The Heyward-Washington House as a Boarding House, 1819-1861

The interpretation at the Heyward-Washington House has mainly focused on the ownership and occupation of the Milners, Heywards, Grimkés, and Fuselers. Because the earlier and later periods, some revealed only by archaeology, are less well-known, we were delighted to host an internship by Judith Arendall who is pursuing a graduate degree in Public History at the College of Charleston. Judith, who expressed interest in a combination of archaeology, documents, and interpretation, decided to research the 1819-1861 period when the Heyward property was a boarding house operated by Mrs. Munro. It is from her dedicated research that we now know a great deal more about life at the Heyward-Washington house during this period.

1830 ad in Charleston Daily Courier, informing readers that Mrs. Davis will run the boarding establishment at 95 Church Street.

The investigation of Mrs. Munro began with identifying the basics. Her maiden name was Margaret Russell and she married John Munro in 1786. Although her ownership of the building was tedious to follow in the documents, it was discovered that Margaret Munro purchased the house and outbuildings in 1825, after operating it as a boarding house beginning in 1819. Following the purchase, she hired a Mrs. Jane Davis to run the boarding venture. Newspaper ads suggest both Monro and Davis were well-known in town and had operated other establishments.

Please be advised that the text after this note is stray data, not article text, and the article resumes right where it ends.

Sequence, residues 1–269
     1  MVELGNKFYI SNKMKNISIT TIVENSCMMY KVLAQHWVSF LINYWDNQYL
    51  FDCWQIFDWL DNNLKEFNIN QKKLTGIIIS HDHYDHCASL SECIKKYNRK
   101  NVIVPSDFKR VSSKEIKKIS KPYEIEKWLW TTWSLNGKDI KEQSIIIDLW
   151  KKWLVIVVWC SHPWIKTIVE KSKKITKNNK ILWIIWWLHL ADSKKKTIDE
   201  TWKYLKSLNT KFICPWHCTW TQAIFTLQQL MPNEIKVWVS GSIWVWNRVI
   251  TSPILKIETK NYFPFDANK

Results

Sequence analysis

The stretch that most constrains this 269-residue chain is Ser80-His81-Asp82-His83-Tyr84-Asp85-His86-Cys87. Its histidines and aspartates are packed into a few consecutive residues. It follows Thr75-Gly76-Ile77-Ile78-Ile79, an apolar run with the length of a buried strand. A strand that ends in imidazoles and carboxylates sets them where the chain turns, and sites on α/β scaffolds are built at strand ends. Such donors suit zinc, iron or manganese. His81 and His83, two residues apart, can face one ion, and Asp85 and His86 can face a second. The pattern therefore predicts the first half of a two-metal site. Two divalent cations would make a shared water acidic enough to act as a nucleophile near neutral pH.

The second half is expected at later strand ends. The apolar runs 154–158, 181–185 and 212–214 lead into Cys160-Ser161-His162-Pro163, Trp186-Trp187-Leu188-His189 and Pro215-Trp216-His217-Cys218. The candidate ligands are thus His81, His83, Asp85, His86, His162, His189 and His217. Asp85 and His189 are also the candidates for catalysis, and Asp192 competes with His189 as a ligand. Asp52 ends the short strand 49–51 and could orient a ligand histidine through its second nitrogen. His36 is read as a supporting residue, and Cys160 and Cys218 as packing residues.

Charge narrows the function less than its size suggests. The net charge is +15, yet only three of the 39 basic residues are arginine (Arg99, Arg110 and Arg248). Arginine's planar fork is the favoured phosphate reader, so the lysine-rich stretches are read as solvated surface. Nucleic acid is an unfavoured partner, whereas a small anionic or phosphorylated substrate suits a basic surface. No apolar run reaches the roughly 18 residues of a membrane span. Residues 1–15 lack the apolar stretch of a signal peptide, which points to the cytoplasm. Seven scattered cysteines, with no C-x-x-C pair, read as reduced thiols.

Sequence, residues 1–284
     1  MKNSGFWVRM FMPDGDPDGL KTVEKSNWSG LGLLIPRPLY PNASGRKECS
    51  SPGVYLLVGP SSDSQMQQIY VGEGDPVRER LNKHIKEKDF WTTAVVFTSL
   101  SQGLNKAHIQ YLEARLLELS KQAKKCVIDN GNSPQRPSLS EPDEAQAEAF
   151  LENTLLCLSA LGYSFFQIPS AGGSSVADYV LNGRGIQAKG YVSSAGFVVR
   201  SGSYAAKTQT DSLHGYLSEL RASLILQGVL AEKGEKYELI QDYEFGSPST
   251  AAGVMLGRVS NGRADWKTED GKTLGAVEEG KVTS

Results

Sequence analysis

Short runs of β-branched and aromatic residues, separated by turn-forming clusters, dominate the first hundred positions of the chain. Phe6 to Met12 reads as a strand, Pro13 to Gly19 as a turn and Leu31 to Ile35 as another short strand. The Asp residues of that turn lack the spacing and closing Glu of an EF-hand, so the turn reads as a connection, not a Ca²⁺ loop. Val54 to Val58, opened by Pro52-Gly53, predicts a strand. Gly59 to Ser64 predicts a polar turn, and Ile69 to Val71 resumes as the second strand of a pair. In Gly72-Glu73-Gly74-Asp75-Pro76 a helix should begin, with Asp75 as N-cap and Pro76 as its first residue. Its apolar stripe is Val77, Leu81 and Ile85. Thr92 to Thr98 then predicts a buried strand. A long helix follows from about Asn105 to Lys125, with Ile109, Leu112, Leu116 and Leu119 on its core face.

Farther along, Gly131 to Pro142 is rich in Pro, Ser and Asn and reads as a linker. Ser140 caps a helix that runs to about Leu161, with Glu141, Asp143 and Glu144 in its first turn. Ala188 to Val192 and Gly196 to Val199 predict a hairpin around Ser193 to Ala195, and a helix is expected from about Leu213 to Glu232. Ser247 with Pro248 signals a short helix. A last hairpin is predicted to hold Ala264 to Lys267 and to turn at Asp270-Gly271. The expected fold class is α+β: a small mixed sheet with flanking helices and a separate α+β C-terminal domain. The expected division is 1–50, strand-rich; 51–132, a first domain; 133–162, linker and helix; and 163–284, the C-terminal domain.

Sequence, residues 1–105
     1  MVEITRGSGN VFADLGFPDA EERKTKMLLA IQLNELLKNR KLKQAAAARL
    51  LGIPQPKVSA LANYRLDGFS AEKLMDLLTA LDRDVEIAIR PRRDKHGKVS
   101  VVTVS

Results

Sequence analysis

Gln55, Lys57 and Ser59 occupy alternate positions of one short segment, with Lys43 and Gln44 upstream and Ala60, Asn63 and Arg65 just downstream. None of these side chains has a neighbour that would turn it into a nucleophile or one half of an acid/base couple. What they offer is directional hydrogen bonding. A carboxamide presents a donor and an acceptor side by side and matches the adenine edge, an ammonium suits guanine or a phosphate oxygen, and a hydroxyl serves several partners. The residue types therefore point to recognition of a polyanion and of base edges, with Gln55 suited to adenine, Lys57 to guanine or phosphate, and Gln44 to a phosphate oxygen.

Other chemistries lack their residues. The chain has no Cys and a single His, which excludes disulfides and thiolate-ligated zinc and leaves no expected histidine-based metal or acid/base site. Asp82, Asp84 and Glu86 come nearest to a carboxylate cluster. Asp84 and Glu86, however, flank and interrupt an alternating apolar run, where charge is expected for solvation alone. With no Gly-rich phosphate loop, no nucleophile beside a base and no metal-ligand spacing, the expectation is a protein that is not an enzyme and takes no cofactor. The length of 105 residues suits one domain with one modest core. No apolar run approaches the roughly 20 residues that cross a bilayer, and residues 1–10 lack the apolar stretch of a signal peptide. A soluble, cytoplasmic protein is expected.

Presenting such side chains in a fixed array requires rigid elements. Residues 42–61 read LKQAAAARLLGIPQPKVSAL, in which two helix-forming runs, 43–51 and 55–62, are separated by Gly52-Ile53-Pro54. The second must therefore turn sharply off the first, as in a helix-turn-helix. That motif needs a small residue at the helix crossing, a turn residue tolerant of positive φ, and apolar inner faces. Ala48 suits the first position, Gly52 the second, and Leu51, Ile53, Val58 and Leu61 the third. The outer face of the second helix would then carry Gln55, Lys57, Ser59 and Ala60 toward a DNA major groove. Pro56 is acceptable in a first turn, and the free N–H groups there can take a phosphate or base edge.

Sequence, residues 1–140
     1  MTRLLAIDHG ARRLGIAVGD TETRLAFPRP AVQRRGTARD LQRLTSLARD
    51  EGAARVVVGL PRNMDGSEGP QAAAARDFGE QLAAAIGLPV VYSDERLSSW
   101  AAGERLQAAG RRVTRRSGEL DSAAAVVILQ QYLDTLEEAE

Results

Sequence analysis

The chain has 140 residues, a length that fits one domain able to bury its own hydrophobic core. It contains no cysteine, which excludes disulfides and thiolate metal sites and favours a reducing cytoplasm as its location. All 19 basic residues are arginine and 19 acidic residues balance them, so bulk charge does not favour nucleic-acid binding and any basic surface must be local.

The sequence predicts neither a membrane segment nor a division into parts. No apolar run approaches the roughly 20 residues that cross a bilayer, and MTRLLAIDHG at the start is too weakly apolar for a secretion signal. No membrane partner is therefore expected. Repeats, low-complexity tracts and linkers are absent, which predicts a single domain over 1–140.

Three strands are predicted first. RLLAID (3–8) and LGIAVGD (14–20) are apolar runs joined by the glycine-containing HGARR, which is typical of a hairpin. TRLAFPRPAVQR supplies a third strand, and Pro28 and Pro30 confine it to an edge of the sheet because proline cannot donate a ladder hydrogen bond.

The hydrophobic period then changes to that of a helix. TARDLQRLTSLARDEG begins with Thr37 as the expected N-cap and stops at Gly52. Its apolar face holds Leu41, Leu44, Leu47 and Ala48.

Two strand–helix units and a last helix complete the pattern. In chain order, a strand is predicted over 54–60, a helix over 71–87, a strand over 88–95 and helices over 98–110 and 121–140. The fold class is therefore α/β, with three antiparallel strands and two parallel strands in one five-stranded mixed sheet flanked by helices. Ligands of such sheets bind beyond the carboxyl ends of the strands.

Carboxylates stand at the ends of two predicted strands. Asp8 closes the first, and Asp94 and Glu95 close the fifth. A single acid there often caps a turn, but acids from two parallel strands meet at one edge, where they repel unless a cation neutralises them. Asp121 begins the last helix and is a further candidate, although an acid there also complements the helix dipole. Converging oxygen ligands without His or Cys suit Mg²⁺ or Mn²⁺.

Additional uncovered documents revealed both women owned enslaved people during their occupations on the property. Munro was involved with over ten transactions of buying and selling people in bondage, while Davis enslaved up to ten individuals in 1850 and eleven in the year of her passing in 1860. Mrs. Munro’s granddaughter closed the business the following year. Research is ongoing to identify the enslaved men, women, and children who lived and worked in the kitchen, laundry, and stables.

1834 ad in Charleston Daily Courier, offering rentals and informing readers that the establishment is well known.

While most advertisements listed rooms for rent, an interesting discovery from Arendall’s research revealed that certain boarders, including Mrs. Davis herself, operated businesses out of the house, most commonly the sale of liqueurs. One 1829 newspaper ad, posted for James M’Lean, showcased his “Billiard Table” in the house. Other advertisements provided clues to room usage, such as an 1830 listing for a “furnished Chamber and Parlour” and an 1850 listing for “two pleasant rooms for families and rooms for single people.”

The house also hosted some prominent names for its time. A famous theater actress, Mrs. H. Williams of New York, not only stayed in the boarding home, her funeral was held there in 1823. Animals were also a part of the Heyward-Washington House during the boarding years. A renter advertised for his lost “New Foundland” dog in 1832, and Mrs. Davis announced in 1824 that she had found a “Greyhound” and would keep it awaiting the owner’s retrieval.

Tablewares include a variety of transfer-printed patterns.

Toothbrushes become common after 1840. Several were recovered from the kitchen cellar, including one monogrammed “H.P. Cooke”.

Over the years, archaeology has revealed a number of artifacts from the boarding house era, including plates, cups, drinking glasses, toys, flower pots, sewing items, perfume bottles, and nursing bottles. Additionally, a parrot and guinea pig were found in these same deposits, possibly the pets of sailors or other itinerants making a temporary home here. Judith Arendall’s research has given the Museum context to many of these finds, revealing another fascinating chapter in the long story of this property.

—Judith Arendall and Martha Zierden